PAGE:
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At any given moment some 1.4 million people worldwide are ill because of infections acquired in hospitals, the United Nations health agency said today, yet one of the most powerful approaches to fighting the scourge is also the simplest: doctors, nurses and other healthcare providers need to clean their hands every time they see a patient.
We can reduce these numbers dramatically, and more and more countries are showing they are ready to take action, UN World Health Organization (WHO) acting director-general Anders Nordstrom stressed. With the help of WHO and other partners these countries are laying the foundations for patients everywhere to receive cleaner, safer care.
Twenty-two countries representing 55 percent of the worlds population have signed on to the Global Patient Safety Challenge Clean Care is Safer Care since it was launched by the WHO World Alliance for Patient Safety in October 2005.
In developed countries, 5 percent to 10 percent of all patients fall ill to infections acquired in hospitals, while in some developing countries as many as a quarter of patients may be affected.
Many countries have already substantially improved hand hygiene practices among health professionals. During a recent four-month hand hygiene campaign in Switzerland, for example, compliance with good practices increased 25 per cent among doctors and nurses working in two cantonal hospitals.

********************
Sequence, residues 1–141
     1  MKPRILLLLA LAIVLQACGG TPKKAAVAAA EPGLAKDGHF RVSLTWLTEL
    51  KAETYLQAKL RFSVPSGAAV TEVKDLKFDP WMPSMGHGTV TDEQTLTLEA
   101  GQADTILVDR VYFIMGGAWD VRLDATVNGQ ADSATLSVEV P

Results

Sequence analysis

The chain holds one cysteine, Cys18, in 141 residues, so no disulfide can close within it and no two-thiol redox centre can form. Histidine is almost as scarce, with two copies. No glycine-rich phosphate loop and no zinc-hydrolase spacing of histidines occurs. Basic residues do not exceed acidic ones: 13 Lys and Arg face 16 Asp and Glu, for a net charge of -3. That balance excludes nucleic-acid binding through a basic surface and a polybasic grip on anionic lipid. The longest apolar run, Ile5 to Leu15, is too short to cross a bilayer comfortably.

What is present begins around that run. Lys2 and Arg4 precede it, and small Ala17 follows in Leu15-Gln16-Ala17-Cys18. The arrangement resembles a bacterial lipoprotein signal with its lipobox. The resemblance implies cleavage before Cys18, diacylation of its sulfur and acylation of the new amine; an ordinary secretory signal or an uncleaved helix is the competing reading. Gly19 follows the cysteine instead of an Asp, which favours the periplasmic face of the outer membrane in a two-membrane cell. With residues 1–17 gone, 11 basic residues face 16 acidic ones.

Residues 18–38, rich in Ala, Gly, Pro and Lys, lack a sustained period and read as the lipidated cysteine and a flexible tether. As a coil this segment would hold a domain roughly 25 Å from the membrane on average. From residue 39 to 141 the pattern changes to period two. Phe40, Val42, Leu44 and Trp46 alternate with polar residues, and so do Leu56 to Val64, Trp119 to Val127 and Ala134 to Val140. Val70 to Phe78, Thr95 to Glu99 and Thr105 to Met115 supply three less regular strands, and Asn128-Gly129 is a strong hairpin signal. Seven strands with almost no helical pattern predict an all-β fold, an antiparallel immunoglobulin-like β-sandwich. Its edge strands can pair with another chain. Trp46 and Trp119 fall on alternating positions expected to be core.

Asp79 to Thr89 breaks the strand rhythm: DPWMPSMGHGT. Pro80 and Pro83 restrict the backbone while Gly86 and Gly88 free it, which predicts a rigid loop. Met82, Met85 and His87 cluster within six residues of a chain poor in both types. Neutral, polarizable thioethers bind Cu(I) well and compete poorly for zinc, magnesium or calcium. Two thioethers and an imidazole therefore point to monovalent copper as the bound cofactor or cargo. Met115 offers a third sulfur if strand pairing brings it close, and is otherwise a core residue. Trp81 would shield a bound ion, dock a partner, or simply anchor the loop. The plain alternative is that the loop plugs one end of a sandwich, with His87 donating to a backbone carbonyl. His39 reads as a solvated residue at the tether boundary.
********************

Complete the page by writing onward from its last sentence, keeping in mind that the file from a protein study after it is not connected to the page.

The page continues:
Based on the results of that study it has been estimated that the Swiss could avert 17,000 such infections each year if hospitals nationwide achieved comparable improvements.
I urge countries throughout the world to follow the example of those who have already committed to Clean Care is Safer Care, says Liam Donaldson, chairman of the Alliance Chief Medical Officer for England.
Hand hygiene remains the primary measure to reduce healthcare-associated infection and the spread of antimicrobial resistance, says Didier Pittet, the leader of the Global Patient Safety Challenge and director of the infection control program at Genevas University Hospitals. It enhances the safety of care across all settings, from complex, modern hospitals to simple health posts, Pittet adds.
Source: United Nations